The top IT software and service providers earn roughly £10.4 billion a year through public sector contracting. That said, public IT projects are known for their disastrous implementation and frequent high profile bungles. Top providers often lock the public sector into excessively long contracts which must be seen to the end, and in some cases drag on even longer.
This is not a phenomenon specific to the UK. The public sector often finds itself duped into taking on bloated contracts that arguably provide little value for money, and serve more as a cash-cow for funnelling public money into private pockets without noticeable gains or efficiencies to the public.
The OFT announced that it wants to ensure market competition is up to scratch so that all firms can, at least, bid for projects without contracts automatically going to the biggest players.
“Healthy competition in any market drives down costs, drives up efficiency and promotes innovation,” an OFT statement read. “While a lack of competition can hinder productivity and, in turn, economic growth”.
G-cloud, a government project to open up procurement away from the the IT giants and offer SMEs a fighting chance, has been fairly successful but elsewhere the big hitters still dominate.
Phil Dawson, CEO of Skyscape Cloud Services, offered his comments on the investigation. “For far too long, IT giants and incumbent suppliers have been allowed to reign supreme,” Dawson said. “It is precisely this dominance that has created a stagnant public sector market, which is exactly what the G-cloud programme was established to tackle”.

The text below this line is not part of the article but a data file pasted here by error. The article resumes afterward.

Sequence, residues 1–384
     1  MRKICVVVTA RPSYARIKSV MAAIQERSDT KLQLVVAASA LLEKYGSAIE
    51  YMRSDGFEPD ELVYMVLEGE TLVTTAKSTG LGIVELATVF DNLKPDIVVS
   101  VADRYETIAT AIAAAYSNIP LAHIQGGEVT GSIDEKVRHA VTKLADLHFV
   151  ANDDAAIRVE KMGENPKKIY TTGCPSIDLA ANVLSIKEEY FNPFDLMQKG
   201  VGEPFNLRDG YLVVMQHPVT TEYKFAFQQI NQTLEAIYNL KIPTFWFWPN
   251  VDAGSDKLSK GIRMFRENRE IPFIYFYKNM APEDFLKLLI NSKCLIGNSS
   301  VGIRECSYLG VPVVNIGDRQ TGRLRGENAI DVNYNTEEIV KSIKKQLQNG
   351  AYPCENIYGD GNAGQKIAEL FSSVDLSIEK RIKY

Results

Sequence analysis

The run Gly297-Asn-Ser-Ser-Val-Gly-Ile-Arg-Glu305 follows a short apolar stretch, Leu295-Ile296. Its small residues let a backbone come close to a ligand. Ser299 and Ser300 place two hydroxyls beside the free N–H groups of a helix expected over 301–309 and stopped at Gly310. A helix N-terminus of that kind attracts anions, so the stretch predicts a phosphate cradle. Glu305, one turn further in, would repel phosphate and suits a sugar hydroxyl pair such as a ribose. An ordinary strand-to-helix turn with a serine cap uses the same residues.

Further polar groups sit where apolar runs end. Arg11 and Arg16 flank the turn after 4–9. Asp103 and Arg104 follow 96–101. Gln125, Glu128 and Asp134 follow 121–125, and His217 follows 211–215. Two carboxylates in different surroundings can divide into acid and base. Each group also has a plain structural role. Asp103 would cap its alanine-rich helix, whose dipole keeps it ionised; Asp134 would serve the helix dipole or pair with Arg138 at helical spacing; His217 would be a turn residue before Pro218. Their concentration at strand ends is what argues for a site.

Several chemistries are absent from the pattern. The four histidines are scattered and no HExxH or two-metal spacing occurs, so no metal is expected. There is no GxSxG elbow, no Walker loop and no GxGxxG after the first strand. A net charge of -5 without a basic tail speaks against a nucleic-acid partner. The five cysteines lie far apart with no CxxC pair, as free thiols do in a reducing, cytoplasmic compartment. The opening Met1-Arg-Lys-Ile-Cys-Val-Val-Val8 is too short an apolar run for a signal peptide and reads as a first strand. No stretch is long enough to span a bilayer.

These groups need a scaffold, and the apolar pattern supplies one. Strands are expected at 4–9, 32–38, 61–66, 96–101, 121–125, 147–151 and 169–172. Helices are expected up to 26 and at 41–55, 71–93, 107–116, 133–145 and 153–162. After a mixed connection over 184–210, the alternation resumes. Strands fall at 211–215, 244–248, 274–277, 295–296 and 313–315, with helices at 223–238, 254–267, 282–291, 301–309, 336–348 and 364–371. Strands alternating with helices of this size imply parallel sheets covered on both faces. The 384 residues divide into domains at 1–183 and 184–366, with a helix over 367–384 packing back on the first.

“Through G-Cloud, public sector organisations are able to avoid inflexible contracts and the locked-in clauses which have been all too common with some of the big incumbent providers,” Dawson said.
The OFT will be examining whether there are barriers stopping smaller businesses from competing, as well as the difficulties associated in the public sector for switching suppliers.
This review aims to look specifically at if market supply is hampering competition rather than a general overview of public IT.
An approach oriented along the lines of G-Cloud would certainly be welcomed by British SMEs, as these companies can offer services that do not lean as heavily on the public purse.
To push further still, perhaps it is worth exploring open source products and services as other flexible, and potentially far cheaper, options.
A reorientation in public IT towards smaller firms, however, could easily upset top corporate lobbyists of the biggest businesses. A push towards open source alternatives would agitate even more.